(TODAY COLOMBIA) Colombia is among the list of countries with the most “defaults” in the history of world economics.
While we read all about the current serious financial crisis in Greece, before that, when talking about debt crisis, Argentina was the first name on any list. And for no wonder, the South American country recorded its eight default in July 2014, the second since 2001.
Colombia is not to be left out, it has shown it can play with the big countries, placing fifth in the BBC Mundo list with eight defaults, together with Uruguay and Portugal.
Countries like US, UK and Germany, but do not have a clean record either, but are considered “credible” by international markets, for two reasons: because they have had long periods of default free and because they are the major creditors of the world for the amount of capital they provide.
According to the BBC Mundo report (updated to June 29, 2015), Spain heads the list with 14 defaults, followed by Venezuela and Ecuador with 11 each; Brazil in third with 10; Argentina, El Salvador and Germany in fifth with 8 each; the United States, Bolivia, Turkey, Russia, Greece and the Austrian-Hungarian empire with 6 each; and lastly Nigeria with 5.
“Because in the end, either payments halted or not, there is almost always bargaining for a discount and/or a new term, so that the original payment obligation ends not being fulfilled,” says economist Miguel Ángel Boggiano, of the Universidad de San Andrés in Buenos Aires.
In contrast, there are very few countries that have never defaulted (paid their debts or restructured). These include Switzerland, Belgium, Norway, Finland, South Korea, Singapore and New Zealand.
The BBC says that before the nineteenth century, the defaults were mostly produced by extraordinary events such as wars and revolutions. But since then they have been more closely linked to financial (mis)management.
According to U.S. economists Kenneth Rogoff and Carmen Reinhart, at Harvard University, they have recorded 250 defaults in the last 200 year, or an average of one a year. Rogoff and Reinhart have been studying foreign debt defaults from 1800 to the 2000s.
Their conclusion, as Rogoff told the BBC, defaults are inherent in the global economy and are not as rare and unusual as some core countries, orthodox economists and the media want to make it appear.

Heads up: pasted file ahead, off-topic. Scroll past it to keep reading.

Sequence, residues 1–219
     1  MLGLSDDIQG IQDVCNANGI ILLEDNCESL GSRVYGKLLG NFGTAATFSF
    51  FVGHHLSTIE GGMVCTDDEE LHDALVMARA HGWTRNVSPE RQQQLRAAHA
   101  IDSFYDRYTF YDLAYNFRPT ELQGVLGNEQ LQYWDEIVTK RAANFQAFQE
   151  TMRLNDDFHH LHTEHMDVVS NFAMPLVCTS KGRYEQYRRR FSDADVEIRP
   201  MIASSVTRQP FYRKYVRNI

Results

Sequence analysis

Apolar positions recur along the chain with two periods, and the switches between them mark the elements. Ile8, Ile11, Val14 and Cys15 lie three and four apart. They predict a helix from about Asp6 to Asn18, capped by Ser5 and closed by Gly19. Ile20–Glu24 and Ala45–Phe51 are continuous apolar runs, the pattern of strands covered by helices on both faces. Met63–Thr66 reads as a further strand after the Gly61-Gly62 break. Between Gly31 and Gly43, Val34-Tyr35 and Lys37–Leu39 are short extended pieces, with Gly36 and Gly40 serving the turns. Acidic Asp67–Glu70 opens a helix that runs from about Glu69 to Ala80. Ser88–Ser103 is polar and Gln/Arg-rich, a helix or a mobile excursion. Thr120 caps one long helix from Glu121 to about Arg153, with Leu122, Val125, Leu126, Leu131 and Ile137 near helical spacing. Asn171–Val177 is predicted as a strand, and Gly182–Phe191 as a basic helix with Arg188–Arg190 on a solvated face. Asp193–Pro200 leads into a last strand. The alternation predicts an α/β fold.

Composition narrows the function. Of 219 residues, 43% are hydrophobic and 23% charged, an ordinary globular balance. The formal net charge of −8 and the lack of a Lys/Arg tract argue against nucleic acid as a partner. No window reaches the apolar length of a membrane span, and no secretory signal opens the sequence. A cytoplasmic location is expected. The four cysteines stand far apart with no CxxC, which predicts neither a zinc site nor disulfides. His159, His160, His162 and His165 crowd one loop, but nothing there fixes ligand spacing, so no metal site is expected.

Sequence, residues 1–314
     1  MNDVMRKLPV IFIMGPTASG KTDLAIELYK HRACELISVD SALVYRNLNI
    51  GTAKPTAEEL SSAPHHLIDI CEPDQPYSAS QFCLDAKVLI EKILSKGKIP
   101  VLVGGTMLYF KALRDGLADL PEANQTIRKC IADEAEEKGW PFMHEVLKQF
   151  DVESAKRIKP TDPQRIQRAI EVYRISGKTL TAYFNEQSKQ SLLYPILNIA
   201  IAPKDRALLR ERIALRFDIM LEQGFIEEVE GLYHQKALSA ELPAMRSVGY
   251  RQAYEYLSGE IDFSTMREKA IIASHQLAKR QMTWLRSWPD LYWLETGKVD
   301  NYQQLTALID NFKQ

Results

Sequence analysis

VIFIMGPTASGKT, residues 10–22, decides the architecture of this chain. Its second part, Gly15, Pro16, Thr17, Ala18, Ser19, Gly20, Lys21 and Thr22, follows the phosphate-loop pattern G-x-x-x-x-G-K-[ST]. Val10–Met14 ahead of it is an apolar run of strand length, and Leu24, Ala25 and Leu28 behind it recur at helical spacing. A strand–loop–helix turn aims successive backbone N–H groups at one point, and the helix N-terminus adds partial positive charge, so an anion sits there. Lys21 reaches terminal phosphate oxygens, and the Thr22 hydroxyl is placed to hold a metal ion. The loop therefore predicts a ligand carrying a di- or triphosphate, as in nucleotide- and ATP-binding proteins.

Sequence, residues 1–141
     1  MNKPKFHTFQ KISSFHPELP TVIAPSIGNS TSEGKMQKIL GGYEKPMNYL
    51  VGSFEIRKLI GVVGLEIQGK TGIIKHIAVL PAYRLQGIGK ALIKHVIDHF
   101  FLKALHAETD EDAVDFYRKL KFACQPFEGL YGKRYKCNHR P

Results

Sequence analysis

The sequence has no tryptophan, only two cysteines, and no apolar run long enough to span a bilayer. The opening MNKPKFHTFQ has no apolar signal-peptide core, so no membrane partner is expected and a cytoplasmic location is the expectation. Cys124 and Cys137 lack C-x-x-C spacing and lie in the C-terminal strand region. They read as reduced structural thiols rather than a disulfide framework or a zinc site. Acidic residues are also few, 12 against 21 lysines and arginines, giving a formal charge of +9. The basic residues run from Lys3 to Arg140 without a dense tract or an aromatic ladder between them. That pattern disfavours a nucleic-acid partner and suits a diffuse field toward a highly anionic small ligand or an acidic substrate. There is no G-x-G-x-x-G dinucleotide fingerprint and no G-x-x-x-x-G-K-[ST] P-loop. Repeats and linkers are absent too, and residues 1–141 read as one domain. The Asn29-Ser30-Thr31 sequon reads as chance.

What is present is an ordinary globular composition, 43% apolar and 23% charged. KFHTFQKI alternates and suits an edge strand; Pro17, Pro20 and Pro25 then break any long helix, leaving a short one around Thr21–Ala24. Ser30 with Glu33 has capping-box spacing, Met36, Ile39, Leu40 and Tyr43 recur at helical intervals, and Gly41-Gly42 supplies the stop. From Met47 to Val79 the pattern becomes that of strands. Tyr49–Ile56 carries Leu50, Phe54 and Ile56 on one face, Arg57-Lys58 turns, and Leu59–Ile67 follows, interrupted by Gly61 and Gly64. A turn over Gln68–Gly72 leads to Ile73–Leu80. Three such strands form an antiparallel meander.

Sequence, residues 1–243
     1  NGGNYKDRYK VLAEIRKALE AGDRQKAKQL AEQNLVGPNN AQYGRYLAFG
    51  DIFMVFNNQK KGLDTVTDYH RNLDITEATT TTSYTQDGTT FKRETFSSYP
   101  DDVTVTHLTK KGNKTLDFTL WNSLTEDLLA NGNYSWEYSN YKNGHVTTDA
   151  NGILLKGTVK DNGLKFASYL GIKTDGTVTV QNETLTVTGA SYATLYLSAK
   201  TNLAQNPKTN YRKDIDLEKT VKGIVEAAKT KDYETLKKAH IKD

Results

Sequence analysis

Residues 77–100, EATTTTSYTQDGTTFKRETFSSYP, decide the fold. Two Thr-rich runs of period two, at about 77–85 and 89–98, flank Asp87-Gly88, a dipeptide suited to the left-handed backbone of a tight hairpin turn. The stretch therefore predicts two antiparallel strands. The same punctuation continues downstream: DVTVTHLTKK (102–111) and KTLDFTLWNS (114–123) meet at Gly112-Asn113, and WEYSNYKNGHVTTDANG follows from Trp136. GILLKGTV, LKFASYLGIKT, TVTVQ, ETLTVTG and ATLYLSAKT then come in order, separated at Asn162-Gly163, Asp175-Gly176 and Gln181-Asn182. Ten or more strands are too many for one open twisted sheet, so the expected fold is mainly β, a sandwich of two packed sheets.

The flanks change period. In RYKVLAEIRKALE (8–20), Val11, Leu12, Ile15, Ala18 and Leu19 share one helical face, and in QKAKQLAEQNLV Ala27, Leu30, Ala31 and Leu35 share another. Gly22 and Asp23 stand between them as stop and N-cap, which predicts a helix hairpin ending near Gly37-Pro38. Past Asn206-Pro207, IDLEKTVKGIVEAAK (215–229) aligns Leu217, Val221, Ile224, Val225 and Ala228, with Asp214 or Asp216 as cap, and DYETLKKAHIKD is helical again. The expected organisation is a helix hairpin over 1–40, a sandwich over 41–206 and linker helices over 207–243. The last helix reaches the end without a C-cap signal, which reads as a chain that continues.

What happens when a country defaults?
The question was posted on Quora. When an individual defaults, he/she will be declared bankrupt and lose his/her assets and credit rating. If the same scenario were applied to a country instead, what would happen?
From a number of the answers provided, one thing that is generally guaranteed to happen is that the country’s debt becomes less valuable (the spread on it blows out) as it becomes obvious the country can’t pay all of it. This means that as the country runs out of money, it becomes even more expensive for it to borrow more.
After the country declares it won’t pay all it’s debt, what then happens with creditors totally depends on the situation. In general there is some sort of restructuring where everyone gets some of their money back. Some versions of this are more “fair” than others.
As many answers note, in the past creditor countries have used force to take money or capital back from debtor nations who defaulted.
The more modern version of this mostly happens in courtrooms, with “vulture” funds that buy distressed debt then suing the defaulted countries for more money. Sometimes things do get weird though. In 2012, hedge fund Elliot Associates had an Argentinian naval vessel carrying over 300 sailors impounded in the port of Tema, Ghana. The dispute was over money owed from the same default back in 2001. After two months, an international tribunal ordered the ship released and Ghana ended up suing the hedge fund.
So in general countries don’t usually confiscate things from each other these days. But sometimes hedge funds seize boats.